STEWART: I’ve always been fascinated that the more you delve into science, the more it appears to rely on faith. They start to speak about the universe as if, well there’s “most of the universe is anti matter [sic],” oh really, where’s that? “Well, you can’t see it.” Well, where is it? “It’s there.” Well, can you measure it? “We’re working on it.”
It’s a very similar argument to someone who would say God created everything. Well where is he? “Well, he’s there.” And I’m always struck by the similarity of the arguments at their core.
Wrong Jon, just wrong. The arguments may appear similar superficially, but at their core they are fundamentally different. (I’m assuming Stewart meant dark matter, not anti matter since “most of the universe” is actually dark matter and dark energy, not anti matter.)
Superficially, it may appear that “God exists” is similar to “dark matter exists” – superficially in that you can’t see either. But is that really the standard we should be applying when evaluating scientific claims? We can’t see something, so it’s faith? I guess Stewart's show must be based on faith too then, since I can’t see the radio waves hitting my satellite dish either.
Examining this less superficially, “at their core,” why do scientists say that dark matter exists? Well, dark matter was initially hypothesized to explain why the rotational speed of galaxies was faster than expected, given the mass of visible matter in the galaxies. Then, having hypothesized dark matter, additional ways of testing this hypothesis were devised – for example, gravitational lensing. Dark Matter Exists. Dark matter has been tested, and so far it has passed the tests. Furthermore, if some different scientists in the future find evidence that contradicts dark matter, or if they come up with a better explanation for the observations than dark matter, the new explanation will be adopted and dark matter abandoned.
Those are the differences between science and faith, differences that Stewart has apparently not noticed in his extensive delving into science. Science is based on observation of the real universe, confirmed or dis confirmed by experiment, and always subject to revision when better data comes along. Religion is based on the authority of old texts, is resistant to dis-confirmation, and in many cases stubbornly refuses to change even when proven to be completely wrong. But yeah, both God and dark matter are invisible so they both rely on faith. Good insight there Jon.
STEWART: Is it that the human mind has created these two disciplines, each one sort of equally at the mercy of our limitations?
No, the problem is that one discipline is based on reality while the other is not, and yet the one not based on reality is given undeserved respect and freedom from criticism.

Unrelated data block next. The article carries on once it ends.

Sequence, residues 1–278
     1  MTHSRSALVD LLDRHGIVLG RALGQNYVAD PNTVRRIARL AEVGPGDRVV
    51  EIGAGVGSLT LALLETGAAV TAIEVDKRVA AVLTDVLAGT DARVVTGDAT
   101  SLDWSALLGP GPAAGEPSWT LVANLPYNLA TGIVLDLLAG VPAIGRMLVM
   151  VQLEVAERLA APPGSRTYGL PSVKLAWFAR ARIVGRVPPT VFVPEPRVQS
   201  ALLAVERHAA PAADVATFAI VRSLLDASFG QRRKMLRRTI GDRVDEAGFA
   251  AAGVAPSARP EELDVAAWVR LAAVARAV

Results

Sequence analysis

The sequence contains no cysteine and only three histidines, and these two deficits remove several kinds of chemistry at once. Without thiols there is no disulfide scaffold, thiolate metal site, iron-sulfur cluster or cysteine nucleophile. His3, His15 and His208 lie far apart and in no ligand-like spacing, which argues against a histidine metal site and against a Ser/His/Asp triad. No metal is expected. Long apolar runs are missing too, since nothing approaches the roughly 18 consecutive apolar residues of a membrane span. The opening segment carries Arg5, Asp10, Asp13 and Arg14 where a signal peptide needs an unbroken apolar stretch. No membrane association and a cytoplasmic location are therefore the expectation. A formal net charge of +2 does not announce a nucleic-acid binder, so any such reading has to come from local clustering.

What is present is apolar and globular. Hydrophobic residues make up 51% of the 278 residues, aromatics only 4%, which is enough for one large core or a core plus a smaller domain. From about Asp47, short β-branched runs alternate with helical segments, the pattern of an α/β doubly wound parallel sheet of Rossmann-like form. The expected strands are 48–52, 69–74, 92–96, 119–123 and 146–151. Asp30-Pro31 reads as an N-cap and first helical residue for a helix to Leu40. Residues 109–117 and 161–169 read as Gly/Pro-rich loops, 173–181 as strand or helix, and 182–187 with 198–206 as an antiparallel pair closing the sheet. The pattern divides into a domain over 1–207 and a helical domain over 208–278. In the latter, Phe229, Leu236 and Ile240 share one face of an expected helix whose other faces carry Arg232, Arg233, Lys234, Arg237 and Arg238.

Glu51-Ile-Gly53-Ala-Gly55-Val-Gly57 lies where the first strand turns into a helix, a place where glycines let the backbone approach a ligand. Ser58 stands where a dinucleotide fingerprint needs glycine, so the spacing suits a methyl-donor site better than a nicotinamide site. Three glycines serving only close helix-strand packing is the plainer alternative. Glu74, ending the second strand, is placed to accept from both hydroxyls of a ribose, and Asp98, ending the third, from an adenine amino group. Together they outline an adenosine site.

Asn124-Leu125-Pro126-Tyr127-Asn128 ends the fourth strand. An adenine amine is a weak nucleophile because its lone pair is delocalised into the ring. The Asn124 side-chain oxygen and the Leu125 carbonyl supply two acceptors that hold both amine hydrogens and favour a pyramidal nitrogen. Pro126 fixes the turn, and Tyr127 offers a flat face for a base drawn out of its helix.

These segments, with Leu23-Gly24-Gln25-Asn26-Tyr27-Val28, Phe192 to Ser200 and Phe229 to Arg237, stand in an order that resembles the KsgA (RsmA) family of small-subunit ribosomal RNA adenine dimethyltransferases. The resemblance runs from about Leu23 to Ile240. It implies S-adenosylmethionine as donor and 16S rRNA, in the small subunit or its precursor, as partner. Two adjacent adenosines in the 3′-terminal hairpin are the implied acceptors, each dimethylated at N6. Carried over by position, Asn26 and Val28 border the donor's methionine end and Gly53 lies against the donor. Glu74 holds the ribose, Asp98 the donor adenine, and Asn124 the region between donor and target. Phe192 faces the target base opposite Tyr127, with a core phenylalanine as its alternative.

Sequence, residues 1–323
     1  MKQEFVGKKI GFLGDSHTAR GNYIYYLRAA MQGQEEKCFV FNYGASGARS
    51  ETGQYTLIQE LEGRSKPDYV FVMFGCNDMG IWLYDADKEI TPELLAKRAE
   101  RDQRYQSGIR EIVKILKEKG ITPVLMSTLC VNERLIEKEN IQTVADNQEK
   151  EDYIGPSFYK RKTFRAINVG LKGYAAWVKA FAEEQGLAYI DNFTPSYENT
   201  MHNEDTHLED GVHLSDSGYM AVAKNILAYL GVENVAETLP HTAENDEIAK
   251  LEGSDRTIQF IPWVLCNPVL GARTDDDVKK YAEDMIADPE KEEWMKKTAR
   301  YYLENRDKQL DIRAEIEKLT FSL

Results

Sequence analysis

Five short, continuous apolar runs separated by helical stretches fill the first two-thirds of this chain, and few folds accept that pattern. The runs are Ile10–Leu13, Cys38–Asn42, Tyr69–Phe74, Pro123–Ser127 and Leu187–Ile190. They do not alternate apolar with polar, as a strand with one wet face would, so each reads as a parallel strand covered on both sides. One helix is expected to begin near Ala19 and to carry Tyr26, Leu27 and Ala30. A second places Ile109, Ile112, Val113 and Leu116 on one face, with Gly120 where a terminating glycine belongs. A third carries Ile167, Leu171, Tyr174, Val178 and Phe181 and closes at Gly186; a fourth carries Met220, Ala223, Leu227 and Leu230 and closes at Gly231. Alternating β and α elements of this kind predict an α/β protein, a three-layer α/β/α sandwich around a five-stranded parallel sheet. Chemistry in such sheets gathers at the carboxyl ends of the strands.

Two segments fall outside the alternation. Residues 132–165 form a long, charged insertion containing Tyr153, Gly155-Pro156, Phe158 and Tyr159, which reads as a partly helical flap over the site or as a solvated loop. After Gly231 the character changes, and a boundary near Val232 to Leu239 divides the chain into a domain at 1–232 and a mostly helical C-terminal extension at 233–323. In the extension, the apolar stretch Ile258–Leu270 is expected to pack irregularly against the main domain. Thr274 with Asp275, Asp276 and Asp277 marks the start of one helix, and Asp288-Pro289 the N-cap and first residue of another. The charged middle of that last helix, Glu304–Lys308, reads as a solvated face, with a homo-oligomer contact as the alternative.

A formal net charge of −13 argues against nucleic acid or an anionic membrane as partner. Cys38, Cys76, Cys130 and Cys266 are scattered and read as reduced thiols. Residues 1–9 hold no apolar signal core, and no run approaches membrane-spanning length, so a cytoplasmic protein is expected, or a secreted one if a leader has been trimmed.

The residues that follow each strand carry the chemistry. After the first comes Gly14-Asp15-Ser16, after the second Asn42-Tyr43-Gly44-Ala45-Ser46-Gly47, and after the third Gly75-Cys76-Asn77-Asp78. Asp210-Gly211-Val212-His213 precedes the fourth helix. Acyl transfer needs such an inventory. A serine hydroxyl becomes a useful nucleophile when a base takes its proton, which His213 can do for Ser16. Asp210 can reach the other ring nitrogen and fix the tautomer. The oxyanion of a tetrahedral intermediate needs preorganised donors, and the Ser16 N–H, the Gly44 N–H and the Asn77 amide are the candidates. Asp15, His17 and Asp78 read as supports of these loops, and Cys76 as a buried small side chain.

ROBINSON: I think it’s also true that until quite recently many great scientists such as Isaac Newton and so on were profoundly religious people.
Again – yes we know. This doesn’t mean that science and religion are compatible. Newton was an alchemist as well. He was wrong about that too.
ROBINSON: …we need the best insights from science and the best insights from religion.
What insights can we get from religion? Name one – name one insight that we couldn’t get without religion.
ROBINSON: The gladiators from both sides are I think inferior representatives of both sides, and that’s where the conflict comes from.
No, the conflict comes from the fact that many religious claims have been proven by science to be totally wrong, and yet many religious people refuse to accept this fact, insisting that their religious fantasies be given equal (or even superior) credence to science. Although I do agree that Stewart and Robinson are both inferior representatives in this subject. “Absence of Mind” – a good description of how both Stewart and Robinson arrived at their arguments. Robinson comes over as a profoundly stupid person – one who has examined this subject superficially and thinks she has something profound to say, but who in reality is merely parroting arguments that would be ripped apart in minutes in the comments section of any one of a thousand atheist blogs.
One more point – I don’t buy the argument that Stewart is just a comedian and so shouldn’t be held to account. He clearly can be a tough interviewer when it suits him: just see his interviews with Bill Kristol, Ron Paul or any number of right wing politicians. He wasn’t joking when he said “the more you delve into science, the more it appears to rely on faith,” he was making a serious point.